In this prospective cohort study, data from repeated measures over 10 years, related to 886 physicians followed-up from 2000 to 2010 (the Finnish Public Sector Cohort Study). Psychological distress was assessed repeatedly using the 12-item General Health Questionnaire, and sleeping problems using the Jenkins scale in three or in four surveys. Psychosocial factors and potential confounders were measured in four surveys over the same period.
High job demands were associated with psychological distress in GPs but not in specialists (p for interaction 0.005). This association was slightly stronger in the within-individual analysis than in the ordinary (total effects) regression, suggesting that the association was not confounded by stable differences between individuals. There was suggestive evidence for a stronger association between effort/reward imbalance and psychological distress in GPs compared with specialists (p for interaction 0.06). High demands and effort-reward-imbalance were associated with elevated sleeping problems in both groups, whereas high job control was associated with lower psychological distress but not sleeping problems.
These findings suggest that work-related psychosocial factors are partly responsible for the rise of health problems in physicians, such as psychological distress and sleeping problems. Increasing job demands may be a health risk, especially in GPs.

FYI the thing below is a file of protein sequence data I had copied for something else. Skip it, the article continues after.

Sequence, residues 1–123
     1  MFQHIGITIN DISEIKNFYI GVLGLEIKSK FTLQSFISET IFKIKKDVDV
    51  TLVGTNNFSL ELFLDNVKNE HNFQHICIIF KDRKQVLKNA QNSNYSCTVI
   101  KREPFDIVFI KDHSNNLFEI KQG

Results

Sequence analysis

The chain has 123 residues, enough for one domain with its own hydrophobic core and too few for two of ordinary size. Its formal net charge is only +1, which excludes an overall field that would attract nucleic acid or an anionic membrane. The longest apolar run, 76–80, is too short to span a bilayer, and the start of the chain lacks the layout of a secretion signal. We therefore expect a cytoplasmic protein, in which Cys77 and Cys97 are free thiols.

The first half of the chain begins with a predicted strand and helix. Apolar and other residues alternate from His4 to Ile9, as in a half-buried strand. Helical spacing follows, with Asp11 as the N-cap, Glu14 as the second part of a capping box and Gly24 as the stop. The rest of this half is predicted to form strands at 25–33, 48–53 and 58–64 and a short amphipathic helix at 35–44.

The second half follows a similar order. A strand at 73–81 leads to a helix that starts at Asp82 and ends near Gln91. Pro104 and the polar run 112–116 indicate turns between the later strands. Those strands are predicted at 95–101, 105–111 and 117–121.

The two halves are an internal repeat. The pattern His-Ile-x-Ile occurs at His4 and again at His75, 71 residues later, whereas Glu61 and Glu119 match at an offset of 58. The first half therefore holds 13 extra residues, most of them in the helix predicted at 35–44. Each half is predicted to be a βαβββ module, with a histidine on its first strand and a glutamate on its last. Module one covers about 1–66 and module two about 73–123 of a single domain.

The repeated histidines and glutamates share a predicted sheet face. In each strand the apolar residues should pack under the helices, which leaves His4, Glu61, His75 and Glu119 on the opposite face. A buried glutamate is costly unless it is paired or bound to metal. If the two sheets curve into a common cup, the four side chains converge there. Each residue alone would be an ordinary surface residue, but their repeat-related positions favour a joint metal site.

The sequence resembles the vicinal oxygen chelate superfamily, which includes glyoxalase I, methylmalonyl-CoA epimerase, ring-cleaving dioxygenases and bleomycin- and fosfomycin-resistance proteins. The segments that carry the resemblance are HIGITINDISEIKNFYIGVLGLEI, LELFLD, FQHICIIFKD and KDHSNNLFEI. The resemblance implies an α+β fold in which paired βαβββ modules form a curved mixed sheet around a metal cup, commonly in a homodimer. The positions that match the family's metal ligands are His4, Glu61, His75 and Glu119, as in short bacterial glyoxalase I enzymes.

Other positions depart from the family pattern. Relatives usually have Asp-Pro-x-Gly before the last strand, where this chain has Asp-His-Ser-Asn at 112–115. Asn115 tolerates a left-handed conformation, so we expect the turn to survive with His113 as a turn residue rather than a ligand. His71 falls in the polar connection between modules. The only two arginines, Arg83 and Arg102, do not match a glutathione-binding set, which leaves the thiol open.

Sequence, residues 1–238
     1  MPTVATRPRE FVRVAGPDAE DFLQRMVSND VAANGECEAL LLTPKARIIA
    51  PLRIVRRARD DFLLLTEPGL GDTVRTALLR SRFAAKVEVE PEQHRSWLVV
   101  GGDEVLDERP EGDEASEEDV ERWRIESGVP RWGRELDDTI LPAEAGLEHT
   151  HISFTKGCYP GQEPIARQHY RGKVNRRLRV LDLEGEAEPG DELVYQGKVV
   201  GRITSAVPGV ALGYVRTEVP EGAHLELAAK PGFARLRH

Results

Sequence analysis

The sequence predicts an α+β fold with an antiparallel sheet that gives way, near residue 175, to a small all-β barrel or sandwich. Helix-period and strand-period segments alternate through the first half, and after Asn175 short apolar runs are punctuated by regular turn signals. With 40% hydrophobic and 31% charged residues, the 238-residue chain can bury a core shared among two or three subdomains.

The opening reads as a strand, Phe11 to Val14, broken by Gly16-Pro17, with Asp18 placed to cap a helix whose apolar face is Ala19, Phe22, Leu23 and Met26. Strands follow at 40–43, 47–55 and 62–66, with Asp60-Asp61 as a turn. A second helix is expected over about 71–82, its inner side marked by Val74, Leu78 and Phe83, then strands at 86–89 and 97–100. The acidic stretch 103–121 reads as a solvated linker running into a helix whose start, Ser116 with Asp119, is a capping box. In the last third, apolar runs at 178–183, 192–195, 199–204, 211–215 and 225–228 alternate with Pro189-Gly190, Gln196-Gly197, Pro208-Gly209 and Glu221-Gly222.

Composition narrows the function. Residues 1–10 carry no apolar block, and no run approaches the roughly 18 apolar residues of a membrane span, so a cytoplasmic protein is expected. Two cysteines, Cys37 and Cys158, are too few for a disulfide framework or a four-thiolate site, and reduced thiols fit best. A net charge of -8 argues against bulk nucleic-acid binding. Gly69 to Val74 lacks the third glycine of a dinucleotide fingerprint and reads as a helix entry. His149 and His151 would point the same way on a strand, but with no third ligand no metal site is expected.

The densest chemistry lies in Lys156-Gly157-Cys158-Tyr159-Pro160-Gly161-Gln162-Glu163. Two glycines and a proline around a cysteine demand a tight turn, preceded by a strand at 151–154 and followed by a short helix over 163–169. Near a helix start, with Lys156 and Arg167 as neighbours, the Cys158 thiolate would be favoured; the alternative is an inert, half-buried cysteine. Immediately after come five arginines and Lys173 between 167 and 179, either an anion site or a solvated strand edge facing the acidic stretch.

PubMed ID
23322916 View in PubMed
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Stressful work environment and wellbeing: What comes first?

https://arctichealth.org/en/permalink/ahliterature272311
Source
J Occup Health Psychol. 2015 Jul;20(3):289-300
Publication Type
Article
Date
Jul-2015
Author
Marko Elovainio
Tarja Heponiemi
Markus Jokela
Christian Hakulinen
Justin Presseau
Anna-Mari Aalto
Mika Kivimäki
Source
J Occup Health Psychol. 2015 Jul;20(3):289-300
Date
Jul-2015
Language
English
Publication Type
Article
Keywords
Adult
Aged
Female
Finland
Follow-Up Studies
Humans
Job Satisfaction
Linear Models
Male
Middle Aged
Occupational Diseases - etiology - psychology
Physicians - psychology
Psychiatric Status Rating Scales
Risk factors
Sleep Wake Disorders - psychology
Stress, Psychological - psychology
Surveys and Questionnaires
Work - psychology
Young Adult
Abstract
The association between the psychosocial work environment, including job demands, job control, and organizational justice, and employee wellbeing has been well established. However, the exposure to adverse work environments is typically measured only using self-reported measures that are vulnerable to reporting bias, and thus any associations found may be explained by reverse causality. Using linear regression models and cross-lagged structural equation modeling (SEM), we tested the direction of the association between established job stress models (job demand control and organizational justice models) and 3 wellbeing indicators (psychological distress, sleeping problems, and job satisfaction) among 1524 physicians in a 4-year follow-up. Results from the longitudinal cross-lagged analyses showed that the direction of the association was from low justice to decreasing wellbeing rather than the reverse. Although the pattern was similar in job demands and job control, a reciprocal association was found between job control and psychological distress.
PubMed ID
25705911 View in PubMed